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All About Krabbe Disease

Written by Harshita Parmar

Edited by Shania Sheth and Jocelyn Wang

There are many genetic disorders that are well known to the common public as we hear them periodically in our day to day lives, whether it be on the news or in our health classes, such as Down Syndrome, Turner Syndrome, and Cystic Fibrosis. The effects of these genetic disorders are well known, from neurological disabilities to motor dysfunction. In this article, we will be discussing a much rare genetic disorder that primarily affects pediatric patients, from infancy to adolescence, but can affect adults the same.

What is Krabbe Disease?

Krabbe disease, also known as globoid cell leukodystrophy, is a rare genetic disorder that causes lipid buildup in various cells and tissues throughout the body to a dangerous extent which can also cause the destruction of brain cells. Globoid cells, which are cells that have more than one nucleus, break down the nerve’s protective myelin coating, causing this disorder to attack the central and peripheral nervous systems. This disease is also categorized as a lysosomal storage disorder, which occurs when the lysosome of the cell does not function properly. In a healthy person, enzymes typically break up the content in lysosomes but if the body does not produce enough amounts of an enzyme, like GALC for example, this causes toxins to build up. This causes toxicity to occur in the brain, especially when GALC is not produced enough, which leads to the process of demyelination, the deterioration of the myelin sheath in the brain. This process interrupts signals sent and received in both the central and peripheral nervous systems, which causes Krabbe disease to progress further.

How is Krabbe disease inherited?

Since this disorder is a genetic disorder, it is also categorized as an autosomal recessive disorder. If both parents happen to be a carrier with a genotype Rr of this gene, there is a 25% chance their child will have this disorder. The possible genotypes of the offspring if the parents both have a genotype of Rr would be RR, Rr, Rr, and rr. From the genotypes of the children, one child would be unaffected, two children would be unaffected but carriers of the gene, and one child would be affected.

What are the symptoms and different types of Krabbe disease?

Although this disease, as it progresses, can eventually attack all bodily systems, some of the symptoms that the affected can experience include muscle weakness, blindness, deafness, hypertonia, and difficulty swallowing, coughing, walking, and even speaking. There are also three different types of Krabbe disease: Early Infantile Krabbe Disease, Later Onset Krabbe Disease, Adolescent and Adult Onset Krabbe Disease.

Early infantile Krabbe disease, like the name suggests, affects children in their first few months of living and is the most severe and is often misunderstood for colic, reflux, and even cerebral palsy. Infants can experience symptoms such as irritability, stiffness, excessive crying, decrease in motor skills, loss of previously achieved milestones, as well as seizures and difficulty feeding. Later onset Krabbe disease affects children from age 6 months to 3 years, and the symptoms for this group of children with the disease are similar to those affected with Early infantile Krabbe disease. For adolescent onset Krabbe disease, there is an initial regression of motor skills at 3 years of age or later. After an initial decline, the disease can progress at a slower rate than infantile onset, over the course of a few years. Adult Onset involves initial loss of vision along with muscle stiffness, muscle pain and difficulty walking.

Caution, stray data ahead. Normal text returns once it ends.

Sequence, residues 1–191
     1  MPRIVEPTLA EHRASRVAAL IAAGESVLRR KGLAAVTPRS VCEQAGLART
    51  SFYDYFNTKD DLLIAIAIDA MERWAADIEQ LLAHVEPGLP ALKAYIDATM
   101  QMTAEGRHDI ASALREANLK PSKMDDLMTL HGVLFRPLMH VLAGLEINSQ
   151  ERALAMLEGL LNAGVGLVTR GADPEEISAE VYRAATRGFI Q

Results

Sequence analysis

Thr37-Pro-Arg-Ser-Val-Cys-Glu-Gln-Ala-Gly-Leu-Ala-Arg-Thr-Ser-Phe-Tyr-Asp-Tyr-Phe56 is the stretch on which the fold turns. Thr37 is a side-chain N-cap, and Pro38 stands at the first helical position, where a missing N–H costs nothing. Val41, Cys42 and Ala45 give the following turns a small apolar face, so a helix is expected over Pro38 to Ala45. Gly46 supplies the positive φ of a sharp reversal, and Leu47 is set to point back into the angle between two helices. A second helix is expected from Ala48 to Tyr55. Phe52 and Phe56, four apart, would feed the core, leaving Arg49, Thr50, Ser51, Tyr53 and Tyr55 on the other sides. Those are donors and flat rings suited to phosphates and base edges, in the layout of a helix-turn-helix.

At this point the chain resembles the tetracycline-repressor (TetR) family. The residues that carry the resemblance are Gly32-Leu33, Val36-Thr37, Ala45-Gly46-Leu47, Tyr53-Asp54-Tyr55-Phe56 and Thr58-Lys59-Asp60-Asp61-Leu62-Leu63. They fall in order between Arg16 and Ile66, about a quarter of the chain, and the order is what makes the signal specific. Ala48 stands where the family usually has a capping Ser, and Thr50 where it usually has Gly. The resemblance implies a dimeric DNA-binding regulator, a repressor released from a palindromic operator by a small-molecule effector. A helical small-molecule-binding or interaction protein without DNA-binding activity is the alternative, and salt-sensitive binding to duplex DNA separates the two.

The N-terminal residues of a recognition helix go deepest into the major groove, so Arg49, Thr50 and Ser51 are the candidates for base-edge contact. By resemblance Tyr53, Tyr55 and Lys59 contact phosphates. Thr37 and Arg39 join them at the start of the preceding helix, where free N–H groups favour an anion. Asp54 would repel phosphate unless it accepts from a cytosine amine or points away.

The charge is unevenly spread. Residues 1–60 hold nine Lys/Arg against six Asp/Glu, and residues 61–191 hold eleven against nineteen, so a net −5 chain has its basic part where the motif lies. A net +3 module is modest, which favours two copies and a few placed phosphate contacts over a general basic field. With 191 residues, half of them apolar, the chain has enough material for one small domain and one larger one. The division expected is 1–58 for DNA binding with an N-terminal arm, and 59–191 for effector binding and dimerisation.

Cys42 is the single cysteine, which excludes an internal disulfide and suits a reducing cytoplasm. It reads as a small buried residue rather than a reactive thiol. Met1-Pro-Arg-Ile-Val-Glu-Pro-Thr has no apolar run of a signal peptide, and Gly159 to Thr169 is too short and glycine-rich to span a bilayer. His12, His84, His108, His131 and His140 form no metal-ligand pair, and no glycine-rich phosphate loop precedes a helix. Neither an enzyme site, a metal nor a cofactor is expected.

How is Krabbe disease diagnosed and treated?

Diagnosis for this disease can be done through multiple tests, such as blood test, MRI, nerve conduction study, and even genetic testing. Newborn screenings are conducted in some states which can help ensure the proper diagnosis of the disease through other tests if symptoms are to be found. There is no definite cure for this disease yet, but its symptoms can definitely be treatable. Patients that are diagnosed with this disease before it has progressed too far can have an umbilical cord blood or bone marrow transplant done. In these procedures, stem cells that contain healthy levels of the enzyme GALC are inserted so the disease can’t further progress and worsen, however this treatment is unable to repair damaged myelin. If a child is unable to receive this treatment in a timely manner, there are still other ways to make living easier and more comfortable for those that are affected with Krabbe, through various therapy options, equipment, and medications.

Thanks for reading our article on Krabbe's Disease! If you enjoyed reading this article, check out our article on Fast Food Addiction linked here. This article covers the dangers of the increasing prevalence of fast food in schools, and how we can combat it.

Until next time,

Harshita and the Writing Committee :)

Works Cited:

“Krabbe disease.” MedlinePlus, 1 January 2018, Accessed 21 April 2023.

“Krabbe Disease | National Institute of Neurological Disorders and Stroke.” National Institute of Neurological Disorders and Stroke, 20 January 2023, Accessed 21 April 2023

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